The denial of discovery in U.S. v. Mohamed Osman Mohamud

On January 13, 2014 in United States v. Mohamed Osman Mohamud, Case No.3:10-CR-00475-KI (D. Or. filed Nov. 29, 2010), the defense filed a memorandum in support of its motion for full discovery of (i) the circumstances pertaining to the government’s belated disclosure of the warrantless surveillance conducted under Sec. 1881a and (ii) all surveillance in the case, including, but not limited to, Sec. 1881a surveillance, collection and accessing of telephone and Internet metadata, and surveillance conducted under any other programs revealed since the trial in the case. On February 3, 2014, the government filed a response, to which the defense replied on February 27.

On March 19, 2014, Judge Garr King denied the discovery motion. Although he acknowledged  that “[d]efendant raises strong policy reasons” for “discard[ing] FISA ex parte procedures in favor of adversarial proceedings,” Judge King was “not persuaded that there is a need to go beyond that procedure outlined in FISA’s Section 1806 or that I have the authority to do so.” The judge ruled that he would “not order disclosure to the defense team of any materials relating to the surveillance unless, after reviewing the upcoming motion to suppress, I decide the disclosure ‘is necessary to make an accurate determination of the legality of the surveillance.Sec. 1806(f).At 8.   

After the defense filed an alternative motion on April 4, 2014 for suppression of the evidence or a new trial based on the government’s introduction of evidence obtained through unlawful electronic surveillance, and the parties briefed both the discovery and suppression issues, Judge King returned to the discovery issue and again ruled against the defense. In his Opinion and Order of June 24, 2014, 2014 WL 2866749, Judge King stated that the district court in Daoud was the only court to ever rule in favor of granting disclosure of FISA applications and materials to the defense, and that the Seventh Circuit had overruled that decision. In declining to follow the district court in Daoud, Judge King acknowledged that, “Obviously it would be helpful to the court to have defense counsel review the material prior to making arguments [about the legality of the surveillance in the case].” Employing semantics, however, the judge reasoned that, “Congress, however, did not put ‘helpful’ in the statute; it chose necessary. I interpret ‘necessary’ to be much closer to ‘essential’ than to helpful.” At 55. In going to state that, “I do not find disclosure to the defense is necessary for me to make an accurate determination of the legality of the surveillance” (id.), Judge King failed to acknowledge the fundamental premise of the adversary system: judges cannot known in advance when opposing parties’ input is necessary for accurately resolving disputes.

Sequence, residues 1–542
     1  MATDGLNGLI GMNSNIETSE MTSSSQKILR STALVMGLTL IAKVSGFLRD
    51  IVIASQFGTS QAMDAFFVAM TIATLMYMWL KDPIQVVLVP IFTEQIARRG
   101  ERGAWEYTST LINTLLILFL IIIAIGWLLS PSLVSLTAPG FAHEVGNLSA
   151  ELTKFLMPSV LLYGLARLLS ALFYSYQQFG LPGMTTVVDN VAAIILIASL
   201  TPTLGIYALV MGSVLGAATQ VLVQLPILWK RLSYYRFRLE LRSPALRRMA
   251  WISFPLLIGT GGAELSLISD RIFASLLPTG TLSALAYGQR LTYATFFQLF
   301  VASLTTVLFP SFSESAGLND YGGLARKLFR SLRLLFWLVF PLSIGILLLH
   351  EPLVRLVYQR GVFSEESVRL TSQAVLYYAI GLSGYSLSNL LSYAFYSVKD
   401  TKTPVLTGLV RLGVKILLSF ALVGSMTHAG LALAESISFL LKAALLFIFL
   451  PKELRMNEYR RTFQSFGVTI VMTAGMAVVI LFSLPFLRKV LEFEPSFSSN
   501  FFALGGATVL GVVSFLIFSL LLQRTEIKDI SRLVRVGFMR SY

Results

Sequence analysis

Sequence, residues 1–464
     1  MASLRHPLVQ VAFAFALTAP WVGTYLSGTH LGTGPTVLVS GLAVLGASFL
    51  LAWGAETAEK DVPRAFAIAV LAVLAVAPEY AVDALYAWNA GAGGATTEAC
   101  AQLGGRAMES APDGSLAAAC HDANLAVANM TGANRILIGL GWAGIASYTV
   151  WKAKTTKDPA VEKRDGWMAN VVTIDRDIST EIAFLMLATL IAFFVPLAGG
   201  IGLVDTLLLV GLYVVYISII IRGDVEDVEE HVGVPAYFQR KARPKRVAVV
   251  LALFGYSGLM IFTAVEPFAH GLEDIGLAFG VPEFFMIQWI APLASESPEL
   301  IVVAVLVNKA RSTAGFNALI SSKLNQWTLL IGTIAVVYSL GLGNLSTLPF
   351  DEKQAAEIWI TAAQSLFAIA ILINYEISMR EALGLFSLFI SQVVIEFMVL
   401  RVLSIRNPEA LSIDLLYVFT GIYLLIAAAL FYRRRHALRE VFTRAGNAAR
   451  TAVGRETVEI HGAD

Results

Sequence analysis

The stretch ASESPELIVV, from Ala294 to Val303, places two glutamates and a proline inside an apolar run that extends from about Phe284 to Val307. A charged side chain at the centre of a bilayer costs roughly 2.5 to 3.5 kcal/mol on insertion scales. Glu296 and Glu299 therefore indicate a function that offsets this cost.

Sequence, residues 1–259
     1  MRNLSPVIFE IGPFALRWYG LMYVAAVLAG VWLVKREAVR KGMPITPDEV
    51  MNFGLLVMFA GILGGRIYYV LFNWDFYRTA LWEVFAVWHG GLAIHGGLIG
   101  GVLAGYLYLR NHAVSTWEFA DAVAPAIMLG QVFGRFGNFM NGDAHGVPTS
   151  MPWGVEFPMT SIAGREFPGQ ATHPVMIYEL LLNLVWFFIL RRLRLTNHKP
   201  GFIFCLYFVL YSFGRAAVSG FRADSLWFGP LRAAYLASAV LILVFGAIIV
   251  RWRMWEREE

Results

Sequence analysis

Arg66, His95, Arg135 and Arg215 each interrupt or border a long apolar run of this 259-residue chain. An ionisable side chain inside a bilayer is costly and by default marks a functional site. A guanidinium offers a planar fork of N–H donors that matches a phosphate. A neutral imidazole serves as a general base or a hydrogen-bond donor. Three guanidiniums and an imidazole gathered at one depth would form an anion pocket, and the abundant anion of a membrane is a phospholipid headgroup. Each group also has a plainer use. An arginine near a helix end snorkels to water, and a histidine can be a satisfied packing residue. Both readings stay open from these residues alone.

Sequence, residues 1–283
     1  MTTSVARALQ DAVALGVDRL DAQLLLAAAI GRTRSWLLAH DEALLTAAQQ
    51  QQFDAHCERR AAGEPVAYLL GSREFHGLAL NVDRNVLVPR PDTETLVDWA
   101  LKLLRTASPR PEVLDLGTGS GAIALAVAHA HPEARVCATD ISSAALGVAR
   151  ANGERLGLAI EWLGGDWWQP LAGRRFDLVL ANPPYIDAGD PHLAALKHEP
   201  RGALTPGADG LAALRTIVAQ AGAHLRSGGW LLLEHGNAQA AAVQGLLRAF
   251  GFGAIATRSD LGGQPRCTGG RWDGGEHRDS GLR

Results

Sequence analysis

In accord with Seventh Circuit Judge Rovner’s concurrence in Daoud, Judge King acknowledged that the denial of disclosure makes it virtually for the defense to obtain a Franks hearing on whether misrepresentations by the government were the basis for a probable cause finding and subsequent issuance of a warrant. On Judge King’s view, however, the impossibility of obtaining a Franks hearing is simply a fact of life for FISA defendants. “Defendant’s position has not changed since the pretrial FISA suppression motion – he can only speculate about false statements or omissions. This is insufficient to qualify as a substantial preliminary showing [necessary for obtaining a Franks hearing]. I realize the difficult position the defense team is in, but the denial of a Franks hearing is commonplace in the FISA context and goes hand-in-hand with the ex parte judicial review process.” At 53.

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